# Blog Archives

# Topic Archive: infinitary computability

Tuesday, May 13, 20142:30 pm750 Schapiro CEPSR, Columbia University Morningside Campus
City University of New York

While Turing machines are well established as the principal framework for theoretical computation on the natural numbers, no machine model for computation on uncountable domains has achieved any similarly dominant status. We will give an overview of various methods that have been explored, including computable analysis, the Blum-Shub-Smale model of computation on the real numbers, local computability, α-recursion theory, and certain models of computation over ordinal time (one of which turns out to be equivalent to α-recursion). Each of these has strengths and weaknesses, for which reason no one of them has come to dominate the discussion. Much of the talk will be expository, describing these different notions of computation, but we will finish with a specific example from ω_{1}-recursive model theory which shows how phenomena that were unknown under Turing computation on ω can arise in the context of ω_{1}-computable model theory.

NERDS: New England Recursion & Definability SeminarSunday, March 30, 20142:00 pmAcademic Center, Room 113, Olin College
Westfield State University

We briefly define computability on uncountable domains via Σ_{1}-recursion, with an emphasis on ω_{1}-computability. We will then apply this notion of uncountable computability to quasiminimal excellent classes. We will concentrate on the pseudo-exponential fields and the topological group covers of the complex numbers. We show that the group covers are relatively ω_{1}-computably categorical while the pseudo-exponential fields are not even ω_{1}-computably categorical.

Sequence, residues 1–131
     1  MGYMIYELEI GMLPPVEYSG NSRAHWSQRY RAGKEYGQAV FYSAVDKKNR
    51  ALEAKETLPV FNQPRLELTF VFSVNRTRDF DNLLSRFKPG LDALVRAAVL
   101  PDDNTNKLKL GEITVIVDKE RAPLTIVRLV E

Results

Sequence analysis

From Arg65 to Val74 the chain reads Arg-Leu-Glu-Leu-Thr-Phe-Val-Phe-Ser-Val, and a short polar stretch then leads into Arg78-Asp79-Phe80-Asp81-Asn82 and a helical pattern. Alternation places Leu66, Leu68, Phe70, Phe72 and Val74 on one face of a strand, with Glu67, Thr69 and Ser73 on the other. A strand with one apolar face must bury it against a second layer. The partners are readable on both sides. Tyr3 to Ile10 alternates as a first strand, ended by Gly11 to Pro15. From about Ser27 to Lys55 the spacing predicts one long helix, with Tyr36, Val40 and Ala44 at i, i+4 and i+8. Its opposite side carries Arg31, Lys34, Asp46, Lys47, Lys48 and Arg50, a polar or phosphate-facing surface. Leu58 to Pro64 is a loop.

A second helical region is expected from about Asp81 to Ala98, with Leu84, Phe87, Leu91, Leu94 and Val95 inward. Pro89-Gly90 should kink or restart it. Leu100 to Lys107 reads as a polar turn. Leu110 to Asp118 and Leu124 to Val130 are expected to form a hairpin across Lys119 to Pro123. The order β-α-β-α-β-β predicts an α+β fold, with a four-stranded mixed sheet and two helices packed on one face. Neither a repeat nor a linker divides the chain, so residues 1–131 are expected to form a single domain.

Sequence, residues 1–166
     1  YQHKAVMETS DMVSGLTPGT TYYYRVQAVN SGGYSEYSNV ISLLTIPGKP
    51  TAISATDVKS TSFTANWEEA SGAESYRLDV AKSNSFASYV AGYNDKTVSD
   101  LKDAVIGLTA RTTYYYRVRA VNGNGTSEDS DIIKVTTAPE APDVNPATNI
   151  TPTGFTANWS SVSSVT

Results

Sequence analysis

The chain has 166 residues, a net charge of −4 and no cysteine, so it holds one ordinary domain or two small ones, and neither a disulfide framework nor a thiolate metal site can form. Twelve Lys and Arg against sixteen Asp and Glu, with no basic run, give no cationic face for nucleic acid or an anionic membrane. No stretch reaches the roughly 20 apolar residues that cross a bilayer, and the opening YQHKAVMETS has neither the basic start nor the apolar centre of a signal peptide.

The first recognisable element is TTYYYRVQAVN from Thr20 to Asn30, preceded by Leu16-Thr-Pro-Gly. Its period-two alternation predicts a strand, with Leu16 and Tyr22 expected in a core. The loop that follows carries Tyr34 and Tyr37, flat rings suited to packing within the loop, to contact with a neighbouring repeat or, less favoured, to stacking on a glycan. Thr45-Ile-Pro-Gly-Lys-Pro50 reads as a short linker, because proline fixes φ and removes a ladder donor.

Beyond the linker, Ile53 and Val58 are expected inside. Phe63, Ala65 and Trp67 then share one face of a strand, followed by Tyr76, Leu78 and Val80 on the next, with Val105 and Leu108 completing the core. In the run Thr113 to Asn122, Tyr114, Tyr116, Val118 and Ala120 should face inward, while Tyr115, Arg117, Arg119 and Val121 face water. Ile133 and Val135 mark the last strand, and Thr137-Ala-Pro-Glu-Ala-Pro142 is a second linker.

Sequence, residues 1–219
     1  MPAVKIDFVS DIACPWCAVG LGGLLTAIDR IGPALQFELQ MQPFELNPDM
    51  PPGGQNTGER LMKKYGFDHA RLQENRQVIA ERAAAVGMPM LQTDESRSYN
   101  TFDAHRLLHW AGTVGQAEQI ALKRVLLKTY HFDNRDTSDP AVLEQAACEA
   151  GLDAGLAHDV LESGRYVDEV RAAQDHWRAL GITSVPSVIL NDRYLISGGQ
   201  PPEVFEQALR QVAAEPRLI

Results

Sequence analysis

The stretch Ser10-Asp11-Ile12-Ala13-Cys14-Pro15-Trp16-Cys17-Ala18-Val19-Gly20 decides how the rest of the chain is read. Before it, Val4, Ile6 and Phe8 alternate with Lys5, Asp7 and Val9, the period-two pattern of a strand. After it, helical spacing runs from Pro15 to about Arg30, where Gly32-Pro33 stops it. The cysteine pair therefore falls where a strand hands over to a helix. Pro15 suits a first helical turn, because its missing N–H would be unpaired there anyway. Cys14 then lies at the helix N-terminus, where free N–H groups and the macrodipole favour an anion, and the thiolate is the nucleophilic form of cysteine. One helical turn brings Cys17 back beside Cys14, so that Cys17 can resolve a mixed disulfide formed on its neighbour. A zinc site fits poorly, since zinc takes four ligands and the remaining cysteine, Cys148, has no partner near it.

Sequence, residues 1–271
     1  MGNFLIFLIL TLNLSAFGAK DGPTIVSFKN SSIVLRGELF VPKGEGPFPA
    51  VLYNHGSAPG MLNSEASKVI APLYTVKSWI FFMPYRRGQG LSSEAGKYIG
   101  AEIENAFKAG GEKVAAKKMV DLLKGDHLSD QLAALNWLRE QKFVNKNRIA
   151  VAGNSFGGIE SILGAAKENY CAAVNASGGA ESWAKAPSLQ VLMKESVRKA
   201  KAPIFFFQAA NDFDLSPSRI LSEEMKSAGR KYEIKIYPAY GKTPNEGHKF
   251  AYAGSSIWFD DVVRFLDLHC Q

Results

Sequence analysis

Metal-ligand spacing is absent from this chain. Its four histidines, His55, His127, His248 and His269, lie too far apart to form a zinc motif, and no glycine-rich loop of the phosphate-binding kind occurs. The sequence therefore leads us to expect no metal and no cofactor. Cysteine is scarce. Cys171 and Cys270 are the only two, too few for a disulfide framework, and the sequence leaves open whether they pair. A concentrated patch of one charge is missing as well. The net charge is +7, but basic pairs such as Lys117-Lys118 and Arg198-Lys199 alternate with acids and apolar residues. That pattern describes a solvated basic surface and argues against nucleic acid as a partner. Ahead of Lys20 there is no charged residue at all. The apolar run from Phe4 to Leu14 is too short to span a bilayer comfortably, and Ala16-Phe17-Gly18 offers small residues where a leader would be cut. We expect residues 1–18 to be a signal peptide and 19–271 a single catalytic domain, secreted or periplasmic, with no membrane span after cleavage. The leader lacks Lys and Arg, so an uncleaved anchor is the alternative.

Rheinische Friedrich-Wilhelms-Universität Bonn

Prof. Dr. Peter Koepke undertakes research in set theory and logic as a part of the

Bonn Mathematical Logic Group. He earned his Ph.D. in 1984 and Habilitation in 1990 at Freiburg University. His specific research interests include axiomatic set theory, including infinitary combinatorics, forcing and core models, consistency strengths without the axiom of choice, large cardinals; constructibility theory, including ordinal computability theory and new fine structure theories; descriptive set theory and infinitary game theory; and general logic, including automated theorem proving and proof checking, such as in the NAPROCHE natural language proof-checking system.

University of Bristol

Professor Welch (Professor of Mathematical Logic, University of Bristol) conducts research on a broad selection of topics in mathematical and philosophical logic. In set theory, he is a leading researcher on the topics of fine structure and core models, problems concerning determinancy, large cardinals and strong axioms of infinity. He has worked in the philosophy of mathematics on the foundations of set theory and theories of truth. And he has been a central figure in the recently intensified work on infinitary models of computation.

The City University of New York

Professor Hamkins (Ph.D. 1994 UC Berkeley) conducts research in mathematical and philosophical logic, particularly set theory, with a focus on the mathematics and philosophy of the infinite. He has been particularly interested in the interaction of forcing and large cardinals, two central themes of contemporary set-theoretic research. He has worked in the theory of infinitary computability, introducing (with A. Lewis and J. Kidder) the theory of infinite time Turing machines, as well as in the theory of infinitary utilitarianism and, more recently, infinite chess. His work on the automorphism tower problem lies at the intersection of group theory and set theory. Recently, he has been preoccupied with various mathematical and philosophical issues surrounding the set-theoretic multiverse, engaging with the emerging debate on pluralism in the philosophy of set theory, as well as the mathematical questions to which they lead, such as in his work on the modal logic of forcing and set-theoretic geology.